* To ban bauxite mining for three months, effective Jan. 15
* To also freeze new bauxite export permits for the period
* Malaysia warns ban could be extended if firms do not comply (Recasts, adds trader and analyst comment)
By Rozanna Latiff
KUALA LUMPUR, Jan 6 (Reuters) - Malaysia imposed a three-month ban on bauxite mining following an alarm over its environmental impact, in a move that could dent stockpiles at the world’s biggest buyer of the aluminium-making ingredient, China.
Malaysia’s largely unregulated bauxite mining industry has boomed in the past two years to meet demand from top aluminium producer China, but the frenetic pace of digging has led to a public outcry with many complaining of water contamination and destruction of the environment.
Just last month, bauxite mining was blamed for turning the waters and seas red near Kuantan, the capital of Malaysia’s third-largest state and key bauxite producer Pahang.
“Everything (bauxite mining) will come to a complete stop on Jan. 15,” said Wan Junaidi Tuanku Jaafar, Malaysia’s natural resources and environment minister. The ban may be extended if mining firms do not comply with regulations, he cautioned.
In the first month, stockpiles at the Kuantan port will be cleared and cleaning facilities will be installed, while in the second month, stockpiles in 11 other locations will be cleared, Wan Junaidi said on Wednesday.
Regulations will be imposed on the transport of bauxite as well as cleaning of mining sites, the minister said.
“The Cabinet has decided to leave it to the industry to take measures to protect the environment. But if they cannot do what we, the federal and state governments, want them to do, then we will have no choice but to extend the moratorium.”
Malaysia will also freeze new bauxite export permits for the three months, although existing permit holders can export from their stocks over the period.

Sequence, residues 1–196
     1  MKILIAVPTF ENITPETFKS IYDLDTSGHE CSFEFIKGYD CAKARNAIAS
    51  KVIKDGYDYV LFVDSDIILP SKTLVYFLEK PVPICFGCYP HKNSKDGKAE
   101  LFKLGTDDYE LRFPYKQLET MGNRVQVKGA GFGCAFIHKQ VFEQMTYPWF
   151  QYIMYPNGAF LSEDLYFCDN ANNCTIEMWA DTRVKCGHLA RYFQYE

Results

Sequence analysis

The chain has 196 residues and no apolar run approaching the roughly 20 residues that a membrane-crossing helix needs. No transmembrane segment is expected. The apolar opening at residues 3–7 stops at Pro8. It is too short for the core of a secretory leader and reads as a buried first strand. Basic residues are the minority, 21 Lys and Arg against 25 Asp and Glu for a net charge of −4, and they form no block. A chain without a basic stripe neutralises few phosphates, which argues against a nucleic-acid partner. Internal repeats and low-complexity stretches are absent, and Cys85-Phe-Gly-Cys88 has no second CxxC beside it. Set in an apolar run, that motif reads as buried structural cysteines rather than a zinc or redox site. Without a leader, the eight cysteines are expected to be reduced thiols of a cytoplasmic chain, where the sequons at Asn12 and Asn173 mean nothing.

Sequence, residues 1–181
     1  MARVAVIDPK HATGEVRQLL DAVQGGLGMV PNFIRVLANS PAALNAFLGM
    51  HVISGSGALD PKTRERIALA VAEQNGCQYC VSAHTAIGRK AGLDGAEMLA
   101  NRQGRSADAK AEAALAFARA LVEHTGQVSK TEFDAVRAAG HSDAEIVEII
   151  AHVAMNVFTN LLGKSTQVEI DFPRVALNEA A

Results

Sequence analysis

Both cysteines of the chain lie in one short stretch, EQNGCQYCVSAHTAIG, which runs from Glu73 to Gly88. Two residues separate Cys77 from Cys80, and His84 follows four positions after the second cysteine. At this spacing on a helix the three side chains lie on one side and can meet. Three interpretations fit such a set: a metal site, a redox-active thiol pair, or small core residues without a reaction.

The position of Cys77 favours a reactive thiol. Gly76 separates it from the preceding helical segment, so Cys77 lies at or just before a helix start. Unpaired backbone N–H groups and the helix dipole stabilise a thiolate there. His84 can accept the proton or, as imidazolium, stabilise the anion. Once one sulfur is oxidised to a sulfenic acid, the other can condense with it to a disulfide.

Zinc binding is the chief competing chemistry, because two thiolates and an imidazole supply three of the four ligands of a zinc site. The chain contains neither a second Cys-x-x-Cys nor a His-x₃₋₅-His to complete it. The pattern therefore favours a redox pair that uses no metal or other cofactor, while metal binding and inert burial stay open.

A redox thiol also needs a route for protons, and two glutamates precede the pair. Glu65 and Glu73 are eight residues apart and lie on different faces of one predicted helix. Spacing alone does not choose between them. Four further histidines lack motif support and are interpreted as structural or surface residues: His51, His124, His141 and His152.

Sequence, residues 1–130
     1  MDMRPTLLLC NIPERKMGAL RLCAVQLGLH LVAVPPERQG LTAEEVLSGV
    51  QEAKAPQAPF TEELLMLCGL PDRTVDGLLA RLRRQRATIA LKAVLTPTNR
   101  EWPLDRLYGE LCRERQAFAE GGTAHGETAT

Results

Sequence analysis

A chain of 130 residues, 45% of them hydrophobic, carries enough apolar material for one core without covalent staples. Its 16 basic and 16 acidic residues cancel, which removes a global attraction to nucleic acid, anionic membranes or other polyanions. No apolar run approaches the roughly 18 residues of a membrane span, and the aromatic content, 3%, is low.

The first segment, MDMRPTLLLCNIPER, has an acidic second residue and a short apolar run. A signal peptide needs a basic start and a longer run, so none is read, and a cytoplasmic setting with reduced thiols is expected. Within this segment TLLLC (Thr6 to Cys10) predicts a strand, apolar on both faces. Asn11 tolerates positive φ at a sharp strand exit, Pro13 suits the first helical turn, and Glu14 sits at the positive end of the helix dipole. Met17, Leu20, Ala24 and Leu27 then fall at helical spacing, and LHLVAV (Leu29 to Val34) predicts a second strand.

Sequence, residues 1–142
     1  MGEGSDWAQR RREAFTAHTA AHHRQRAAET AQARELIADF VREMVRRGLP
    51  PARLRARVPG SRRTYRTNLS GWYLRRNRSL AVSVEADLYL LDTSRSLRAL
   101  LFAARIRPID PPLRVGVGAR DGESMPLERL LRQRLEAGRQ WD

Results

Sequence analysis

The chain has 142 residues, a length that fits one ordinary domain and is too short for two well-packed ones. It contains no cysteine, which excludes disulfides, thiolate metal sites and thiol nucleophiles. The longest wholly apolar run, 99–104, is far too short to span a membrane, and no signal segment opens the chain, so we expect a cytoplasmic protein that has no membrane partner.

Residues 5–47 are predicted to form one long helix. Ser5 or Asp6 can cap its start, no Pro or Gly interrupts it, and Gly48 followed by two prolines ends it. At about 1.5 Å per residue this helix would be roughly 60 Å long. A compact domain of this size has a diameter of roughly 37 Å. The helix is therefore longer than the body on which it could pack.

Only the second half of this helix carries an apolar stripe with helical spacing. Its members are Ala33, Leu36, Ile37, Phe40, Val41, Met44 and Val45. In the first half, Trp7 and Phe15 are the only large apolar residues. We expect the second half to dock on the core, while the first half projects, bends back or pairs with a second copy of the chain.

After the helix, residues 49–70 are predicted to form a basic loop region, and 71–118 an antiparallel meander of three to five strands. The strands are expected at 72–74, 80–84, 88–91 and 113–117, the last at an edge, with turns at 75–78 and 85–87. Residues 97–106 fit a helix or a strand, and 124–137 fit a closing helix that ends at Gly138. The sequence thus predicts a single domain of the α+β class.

“I see little to no impact on China (aluminium production), unless things change at the end of the three months,” said Paul Adkins, managing director of Beijing-based consultancy AZ China. “Exports will continue, using the stockpile at port.”
The three-month mining ban could shave about 6 million tonnes off China’s current bauxite stockpiles of around 25-30 million tonnes, Adkins said earlier this week.
Malaysia accounted for over 40 percent of China’s 49 million tonnes of bauxite imports across January to November last year. In 2013, it had shipped only 162,000 tonnes to China.
The Southeast Asian nation has been exporting increasing amounts of the raw material to China, filling in a supply gap after Indonesia banned bauxite exports in early 2014.
While a longer Malaysian mining ban could prompt China to look to other suppliers such as Australia or India for bauxite imports, industry participants do not expect Malaysia to extend the ban as bauxite mining brings in a lot of revenue.
“In the short-term, the ban will be a heavy blow to the industry. But in the long run, with proper procedures and if everyone can do it in the right way, bauxite mining should be a good thing,” said Johnny Wong, director at Kuantan-based bauxite miner Ideal Mineral Resources Bhd. (Additional reporting by Melanie Burton in Melbourne, writing by Praveen Menon; Editing by Himani Sarkar)